While pest numbers naturally decline in the cooler days of fall, they don’t disappear entirely. Common fall garden pests of cool-season plants include tiny, sap-sucking aphids, caterpillars (particularly from cabbage white butterflies) and harlequin bugs. Inspect your plants for tiny clusters of aphids or tell-tale holes in the leaves. Handpick caterpillars or harlequin bugs from plants and dispose of them or use a strong blast of water from a hose to dislodge aphids.5. Embrace cooler, carefree comforts
With the warm days and cool nights of fall, less moisture evaporates from your garden or pots, so you’ll need to water less often. (Only water when the soil 2” deep is dry.) In addition, many cool weather crops handily survive light frosts, growing well until a very hard freeze ends their productivity. Better yet, chilly weather improves the flavor of many late-season varieties, including members of the cabbage family, kale, Brussels sprouts and chard, by turning their starches into natural sugars, making them a sweet and healthy treat.Take time to chill (you, not the plants!)
Just like plants, gardeners enjoy a break from the stifling heat of summer. With the leisure of cool days, fewer chores and less weeding as the garden begins to wind down, you’ll be able to enjoy the garden more while you wait to harvest your fall favorites to boost your recipes and brighten your table.
If you don’t want to give up on your garden’s bounty, pick up a selection of cool-season favorites now — and keep your garden growing!
For more information on fall gardening and varieties, please visit www.bonnieplants.com.
From Source Article: moneypit.com
LESLIE: Mary in Texas is on the line and has an issue with a tub drain clog. Tell us what’s going on.
MARY: We have a bathtub that we’ve had plumbers out and they can’t even seem to get it unstopped. They think that it – and it was – would slowly – if you took a shower in there, it would slowly go out that day. But then it stopped up and it was going so slowly.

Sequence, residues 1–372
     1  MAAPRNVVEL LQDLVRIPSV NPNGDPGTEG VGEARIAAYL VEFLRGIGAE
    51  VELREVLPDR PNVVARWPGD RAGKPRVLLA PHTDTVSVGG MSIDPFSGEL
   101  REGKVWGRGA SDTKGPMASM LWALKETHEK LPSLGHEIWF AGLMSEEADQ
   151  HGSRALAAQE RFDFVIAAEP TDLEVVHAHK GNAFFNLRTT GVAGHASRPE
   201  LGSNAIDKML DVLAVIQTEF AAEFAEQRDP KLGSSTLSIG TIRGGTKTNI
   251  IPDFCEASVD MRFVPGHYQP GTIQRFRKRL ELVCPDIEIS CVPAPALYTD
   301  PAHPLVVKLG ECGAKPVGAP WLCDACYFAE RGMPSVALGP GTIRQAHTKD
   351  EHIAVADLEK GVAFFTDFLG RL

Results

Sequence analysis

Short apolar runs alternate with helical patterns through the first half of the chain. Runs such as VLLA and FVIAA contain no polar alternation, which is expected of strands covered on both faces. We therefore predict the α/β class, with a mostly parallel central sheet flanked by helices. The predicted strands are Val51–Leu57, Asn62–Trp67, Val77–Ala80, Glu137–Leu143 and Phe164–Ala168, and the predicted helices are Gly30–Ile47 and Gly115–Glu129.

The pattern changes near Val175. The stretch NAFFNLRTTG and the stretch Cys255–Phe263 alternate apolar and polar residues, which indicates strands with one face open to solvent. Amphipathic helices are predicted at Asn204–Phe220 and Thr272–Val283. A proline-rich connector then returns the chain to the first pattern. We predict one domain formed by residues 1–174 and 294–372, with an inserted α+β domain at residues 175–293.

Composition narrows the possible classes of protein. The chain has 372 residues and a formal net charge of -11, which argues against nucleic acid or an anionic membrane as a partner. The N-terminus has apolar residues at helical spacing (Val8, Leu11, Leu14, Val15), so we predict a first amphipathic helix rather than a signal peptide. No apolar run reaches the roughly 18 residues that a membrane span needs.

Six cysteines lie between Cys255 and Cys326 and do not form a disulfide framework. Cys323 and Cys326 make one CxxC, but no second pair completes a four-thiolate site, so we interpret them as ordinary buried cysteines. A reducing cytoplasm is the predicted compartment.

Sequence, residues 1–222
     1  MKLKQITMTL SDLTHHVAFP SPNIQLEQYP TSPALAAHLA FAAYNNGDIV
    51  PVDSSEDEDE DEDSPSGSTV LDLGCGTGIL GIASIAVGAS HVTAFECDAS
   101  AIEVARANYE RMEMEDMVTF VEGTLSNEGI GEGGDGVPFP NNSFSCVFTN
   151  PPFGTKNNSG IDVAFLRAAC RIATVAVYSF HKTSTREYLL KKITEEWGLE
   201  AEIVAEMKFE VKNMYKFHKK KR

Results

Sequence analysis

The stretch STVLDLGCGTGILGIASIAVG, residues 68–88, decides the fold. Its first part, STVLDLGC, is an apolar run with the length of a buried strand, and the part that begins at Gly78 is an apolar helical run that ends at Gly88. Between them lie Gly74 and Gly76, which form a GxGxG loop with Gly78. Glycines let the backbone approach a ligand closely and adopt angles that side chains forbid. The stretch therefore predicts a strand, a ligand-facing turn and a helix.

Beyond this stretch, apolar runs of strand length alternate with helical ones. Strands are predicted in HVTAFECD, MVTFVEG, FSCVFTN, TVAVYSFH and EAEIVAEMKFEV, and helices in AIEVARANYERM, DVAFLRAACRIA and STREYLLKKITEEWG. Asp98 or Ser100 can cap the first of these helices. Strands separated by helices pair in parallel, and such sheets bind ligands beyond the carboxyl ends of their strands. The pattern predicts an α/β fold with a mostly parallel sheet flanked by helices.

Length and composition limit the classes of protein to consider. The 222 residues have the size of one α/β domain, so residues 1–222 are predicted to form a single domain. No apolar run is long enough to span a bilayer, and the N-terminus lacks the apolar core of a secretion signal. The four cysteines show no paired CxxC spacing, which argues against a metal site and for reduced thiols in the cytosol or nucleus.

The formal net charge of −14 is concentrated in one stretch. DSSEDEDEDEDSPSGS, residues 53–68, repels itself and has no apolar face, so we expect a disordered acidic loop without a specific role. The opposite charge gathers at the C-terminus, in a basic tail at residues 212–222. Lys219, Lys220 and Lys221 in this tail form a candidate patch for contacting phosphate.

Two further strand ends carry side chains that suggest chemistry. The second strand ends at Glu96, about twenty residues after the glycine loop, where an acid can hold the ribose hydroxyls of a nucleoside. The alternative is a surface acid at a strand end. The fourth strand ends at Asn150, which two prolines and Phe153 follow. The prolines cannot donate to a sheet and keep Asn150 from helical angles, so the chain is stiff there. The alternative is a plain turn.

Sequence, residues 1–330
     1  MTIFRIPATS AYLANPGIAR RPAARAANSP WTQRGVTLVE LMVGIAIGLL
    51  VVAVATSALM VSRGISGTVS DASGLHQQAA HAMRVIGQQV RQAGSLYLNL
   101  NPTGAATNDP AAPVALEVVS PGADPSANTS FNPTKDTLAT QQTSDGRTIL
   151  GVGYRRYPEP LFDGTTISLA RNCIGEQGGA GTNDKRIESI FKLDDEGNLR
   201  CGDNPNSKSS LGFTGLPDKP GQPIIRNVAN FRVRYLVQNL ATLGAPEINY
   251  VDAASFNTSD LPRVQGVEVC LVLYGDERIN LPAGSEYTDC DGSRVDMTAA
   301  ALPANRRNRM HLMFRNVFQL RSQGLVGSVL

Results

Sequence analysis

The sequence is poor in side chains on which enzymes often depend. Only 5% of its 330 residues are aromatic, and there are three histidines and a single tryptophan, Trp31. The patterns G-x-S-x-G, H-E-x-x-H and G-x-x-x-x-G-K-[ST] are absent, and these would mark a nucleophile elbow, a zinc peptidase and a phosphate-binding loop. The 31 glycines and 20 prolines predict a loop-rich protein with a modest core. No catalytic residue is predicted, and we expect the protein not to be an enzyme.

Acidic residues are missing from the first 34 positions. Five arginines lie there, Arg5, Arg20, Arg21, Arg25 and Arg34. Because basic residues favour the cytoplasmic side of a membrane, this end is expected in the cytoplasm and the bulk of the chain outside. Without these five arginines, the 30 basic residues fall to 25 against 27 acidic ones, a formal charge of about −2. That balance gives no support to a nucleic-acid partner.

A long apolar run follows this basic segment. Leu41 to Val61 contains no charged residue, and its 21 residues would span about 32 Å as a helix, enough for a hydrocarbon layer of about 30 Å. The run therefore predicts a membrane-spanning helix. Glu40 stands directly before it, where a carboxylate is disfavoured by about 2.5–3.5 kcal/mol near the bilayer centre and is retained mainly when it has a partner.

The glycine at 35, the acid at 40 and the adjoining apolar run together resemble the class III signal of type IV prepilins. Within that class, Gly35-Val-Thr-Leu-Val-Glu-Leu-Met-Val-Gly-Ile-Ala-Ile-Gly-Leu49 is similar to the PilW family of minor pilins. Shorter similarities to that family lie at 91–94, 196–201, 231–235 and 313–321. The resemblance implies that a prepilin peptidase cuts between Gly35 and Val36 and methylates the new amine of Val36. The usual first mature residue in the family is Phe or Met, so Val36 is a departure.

We called up a big company here – plumbing company – and the guy came out and checked it. And he couldn’t get it unstopped. He thinks it’s in the P-trap. But he checks, he lined the hat – the tub is on the back of the house. About 2 feet from that is the clean-out. And he took a picture in the clean-out, all the wall to the alley and told us to get the city to come. And they needed to clean it out, the alley. They did that.
TOM: So wait a minute. You’re telling me that the plumber was able to clear the drain from the house to the street but he thinks that the restriction is beyond that?
MARY: Yeah. He thinks – and it’s just about 2 feet from the drain. The tub that’s on the back wall of the house, it’s about 2 feet to the clean-out where he worked. And all the other lines are back farther. I mean the utility line is farther. It’s on that same line. It’s farther. The sink in the vanity area and the commode where it’s just fine – it’s right by the tub. It’s just – it’s past them.
TOM: I can tell you right now that he missed something in the tub, because all of those plumbing lines come together in that same general area. And if you’ve got flow from the toilet and the sinks and everything else but not the tub, it’s going to be the tub itself.
When it comes to clearing a tub drain clog, my experience has been that plumbers are not the best ones to do that. Generally, you’re better off to go with a specialty plumber that does drain cleaning. They have the tools, the equipment and the knowledge to get that done. And sometimes, the day-to-day plumbers – if it’s a simple clog, they can clear it but they don’t necessarily have the tools. For example, drain cleaners have cameras that can go down those pipes and see exactly what the obstruction is.
So, my recommendation would be to call a different kind of professional: not a plumber but someone that specializes in drain cleaning and has a good reputation for being able to take care of a tub drain clog. I think that’s going to be the easiest way for you to get to the bottom of it. I would not recommend any type of additive to that drain to try to clear it and these liquid products that clear drains, because they can be very, very corrosive.
Mary, good luck with that project.
From Source Article: moneypit.com